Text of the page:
1862 July 3: “The firing of a mortar in the night looks splendid, and is equal to fire-works”
A letter from the 4th Wisconsin Infantry in Mississippi; the Hudson City Guards were Company G. This letter was published in the July 23, 1862, issue of The Hudson North Star.
Admiral David Farragut had just returned to Vicksburg with a flotilla in late June 1862. The bombardment on June 26–28 that Charlie describes in his letter failed to cause the surrender of Vicksburg. The Union will continue to shell Vicksburg throughout July and fight some minor battles with a few Confederate vessels in the area, but their forces were insufficient to attempt a landing. They will finally abandon attempts to force the surrender of the city in 1862 and will not take Vicksburg until 1863.
FROM THE HUDSON CITY GUARDS.
[FRANK B. CLARKE, Esq., very kindly permits us to make the following interesting extracts from private letters from CHARLIE ALLYN and HENRY A. WILSON.—ED.]
OFF VICKSBURG, ON BOARD STEAMER }
“LAUREL HILL,” July 3d, 1862. }
DEAR FRANK :—Doubtless ere this, you have been expecting a letter from me, and wondering why I do not write. I wrote Darling a long letter while in Baton Rouge, and told him that I would write you in a few days, which time found me quartered on the hurricane deck of this steamer, where we have been for nearly three weeks ; a place which I assure you affords anything but conveniencies [sic] for writing ; but to-day being cool, and having the good fortune to secure a flour barrel for a writing desk, I thought I would “spear in” and let you know what we are doing. Since I wrote Charlie, we have been participants and witnesses of exciting scenes. We pursued a regiment of rebels all one day, killed several, and took a number of prisoners, but did not succeed in capturing the main body ; have had no pitched battles as yet, but one or two skirmishes. At Grand Gulf in Mississippi, our transports were fired upon again, when Gen. Williams [Thomas R. Williams] gave us orders to burn the town which we did with a will, and it was one of the most magnificent sights that I ever beheld. Upwards of fifty buildings were burning at once ; some of which were beautiful residences, and among which was a large church.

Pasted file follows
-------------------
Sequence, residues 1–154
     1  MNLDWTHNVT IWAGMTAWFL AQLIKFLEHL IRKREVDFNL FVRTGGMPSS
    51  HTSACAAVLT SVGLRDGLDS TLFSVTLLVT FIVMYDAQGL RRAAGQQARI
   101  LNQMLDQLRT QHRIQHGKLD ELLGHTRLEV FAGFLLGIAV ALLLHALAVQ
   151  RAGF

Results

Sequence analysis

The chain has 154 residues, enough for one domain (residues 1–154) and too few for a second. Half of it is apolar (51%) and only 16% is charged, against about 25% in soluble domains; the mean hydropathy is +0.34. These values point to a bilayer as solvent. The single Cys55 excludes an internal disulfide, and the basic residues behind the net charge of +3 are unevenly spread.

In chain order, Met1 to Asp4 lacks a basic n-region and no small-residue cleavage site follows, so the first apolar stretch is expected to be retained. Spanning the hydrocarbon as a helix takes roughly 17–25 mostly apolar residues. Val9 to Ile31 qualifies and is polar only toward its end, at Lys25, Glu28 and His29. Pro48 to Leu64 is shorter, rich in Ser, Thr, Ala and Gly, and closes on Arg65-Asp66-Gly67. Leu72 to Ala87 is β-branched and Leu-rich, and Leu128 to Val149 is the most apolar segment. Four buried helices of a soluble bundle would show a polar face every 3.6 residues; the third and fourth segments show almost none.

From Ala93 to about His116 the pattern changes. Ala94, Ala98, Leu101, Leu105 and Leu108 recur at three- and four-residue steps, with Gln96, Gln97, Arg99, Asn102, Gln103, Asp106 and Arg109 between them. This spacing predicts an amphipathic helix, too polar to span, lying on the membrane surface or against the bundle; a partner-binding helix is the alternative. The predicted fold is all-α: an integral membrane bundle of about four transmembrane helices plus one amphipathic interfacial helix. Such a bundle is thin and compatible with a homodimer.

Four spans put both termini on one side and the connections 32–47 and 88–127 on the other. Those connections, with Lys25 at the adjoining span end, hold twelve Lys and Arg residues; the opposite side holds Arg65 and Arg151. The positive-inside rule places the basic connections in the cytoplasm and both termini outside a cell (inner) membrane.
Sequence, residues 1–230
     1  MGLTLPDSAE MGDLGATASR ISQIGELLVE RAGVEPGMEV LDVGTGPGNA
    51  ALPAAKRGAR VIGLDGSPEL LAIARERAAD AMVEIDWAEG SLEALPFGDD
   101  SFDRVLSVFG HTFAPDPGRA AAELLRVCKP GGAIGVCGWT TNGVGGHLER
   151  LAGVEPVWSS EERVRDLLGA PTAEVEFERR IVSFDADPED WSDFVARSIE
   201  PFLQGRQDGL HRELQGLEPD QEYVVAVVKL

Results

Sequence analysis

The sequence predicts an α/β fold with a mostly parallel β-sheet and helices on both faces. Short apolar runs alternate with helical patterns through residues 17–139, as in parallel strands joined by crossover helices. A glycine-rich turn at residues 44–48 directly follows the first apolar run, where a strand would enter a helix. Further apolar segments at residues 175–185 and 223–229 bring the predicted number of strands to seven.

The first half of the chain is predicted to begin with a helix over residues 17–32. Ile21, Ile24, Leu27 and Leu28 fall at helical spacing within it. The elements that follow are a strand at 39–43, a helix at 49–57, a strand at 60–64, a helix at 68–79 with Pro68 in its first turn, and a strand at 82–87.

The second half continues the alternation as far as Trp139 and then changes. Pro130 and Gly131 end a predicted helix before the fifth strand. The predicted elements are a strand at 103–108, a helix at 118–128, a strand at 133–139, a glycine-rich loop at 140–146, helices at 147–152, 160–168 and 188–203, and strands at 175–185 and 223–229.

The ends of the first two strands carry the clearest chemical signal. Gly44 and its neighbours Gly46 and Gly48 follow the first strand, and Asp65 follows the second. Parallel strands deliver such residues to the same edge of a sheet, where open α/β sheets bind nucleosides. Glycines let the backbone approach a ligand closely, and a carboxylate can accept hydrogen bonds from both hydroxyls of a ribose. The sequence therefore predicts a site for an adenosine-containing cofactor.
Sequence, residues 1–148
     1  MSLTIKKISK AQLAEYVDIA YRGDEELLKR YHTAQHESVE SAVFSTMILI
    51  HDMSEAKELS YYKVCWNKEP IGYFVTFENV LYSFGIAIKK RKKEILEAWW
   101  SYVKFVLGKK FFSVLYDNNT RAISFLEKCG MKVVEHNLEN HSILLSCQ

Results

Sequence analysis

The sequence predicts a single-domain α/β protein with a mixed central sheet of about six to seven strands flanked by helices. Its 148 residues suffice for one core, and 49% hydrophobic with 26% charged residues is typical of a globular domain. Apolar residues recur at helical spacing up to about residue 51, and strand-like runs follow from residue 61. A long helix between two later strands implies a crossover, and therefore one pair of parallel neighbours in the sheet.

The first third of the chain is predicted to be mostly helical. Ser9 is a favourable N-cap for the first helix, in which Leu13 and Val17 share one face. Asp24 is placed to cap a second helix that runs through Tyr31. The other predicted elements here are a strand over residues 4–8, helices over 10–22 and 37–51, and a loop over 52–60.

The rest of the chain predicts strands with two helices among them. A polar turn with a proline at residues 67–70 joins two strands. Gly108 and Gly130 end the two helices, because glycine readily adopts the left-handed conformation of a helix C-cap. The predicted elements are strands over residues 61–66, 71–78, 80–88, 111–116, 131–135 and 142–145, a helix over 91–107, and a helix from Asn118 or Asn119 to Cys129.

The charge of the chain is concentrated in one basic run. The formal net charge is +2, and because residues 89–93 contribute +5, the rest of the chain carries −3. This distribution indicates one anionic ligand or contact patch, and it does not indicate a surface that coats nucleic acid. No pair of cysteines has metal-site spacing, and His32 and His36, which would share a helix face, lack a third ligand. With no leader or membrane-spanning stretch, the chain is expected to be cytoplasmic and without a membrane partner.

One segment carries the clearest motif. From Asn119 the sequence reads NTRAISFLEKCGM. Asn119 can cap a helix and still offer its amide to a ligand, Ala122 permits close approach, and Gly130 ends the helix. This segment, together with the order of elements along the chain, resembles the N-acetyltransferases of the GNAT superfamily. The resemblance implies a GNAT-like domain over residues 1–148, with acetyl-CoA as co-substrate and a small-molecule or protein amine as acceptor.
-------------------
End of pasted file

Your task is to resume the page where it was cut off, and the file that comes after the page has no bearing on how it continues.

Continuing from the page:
We arrived here on the afternoon of the 25th ultimo [June 25], and during that time have seen the splendor and terror of a bombardment.—None but those who have been an eye witness, can have any idea of it. I almost consider my experience and the sights that I have seen on this river, worth my term of enlistment. On Thursday afternoon, the 26th, the Mortar boats having formed into line of battle, opened on the rebel works and continued until dark, when they having got a good range ceased firing.—On Saturday morning I awoke about three o’clock to witness a sight that any one would be proud to see. The whole fleet, consisting of seventeen Mortar boats, ten Gunboats, and three Sloops of War, opened a terrific fire of shot and shell on the works, which was vigorously replied to by the rebels. The smoke was so thick that we could only tell the position of the fleet, by the flashes from the mortars and cannons. This terrible bombardment lasted until six o’clock, when it was reported that the rebels asked time to bury their dead—the truth of which I am not prepared to vouch for. During the action two of the sloops and several of the gunboats run by the city, and are now above with Davis’ fleet.1 Since that morning there has been no severe engagement, but most of the time heavy firing, and several times while I have been writing I have heard the heavy peal of the Mortars. I guess that the Navy have a bigger job on hand than they expected. I have not the least doubt but that they can take it, but think that they are waiting for the land forces under Gen. Curtiss [sic: Samuel R. Curtis], to get into the rear so as to bag the whole force which is supposed to be about thirty thousand under Generals Bragg [Braxton Bragg], Pillow [Gideon J. Pillow] and Van Dorn [Earl Van Dorn]. I should not be surprised if one of the most bloody battles of the war was fought in the rear of Vicksburg. Capt. Todd,2 a brother of Mrs. Lincoln, has command of one of the batteries below the city. They are at work here making a canal across a point, which, if it works, will cut Vicksburg off from the river and which will give us possession of the river, even if we don’t take the city. We have over a thousand slaves at work, and if the water does not fall too fast, boats will be running through in a week.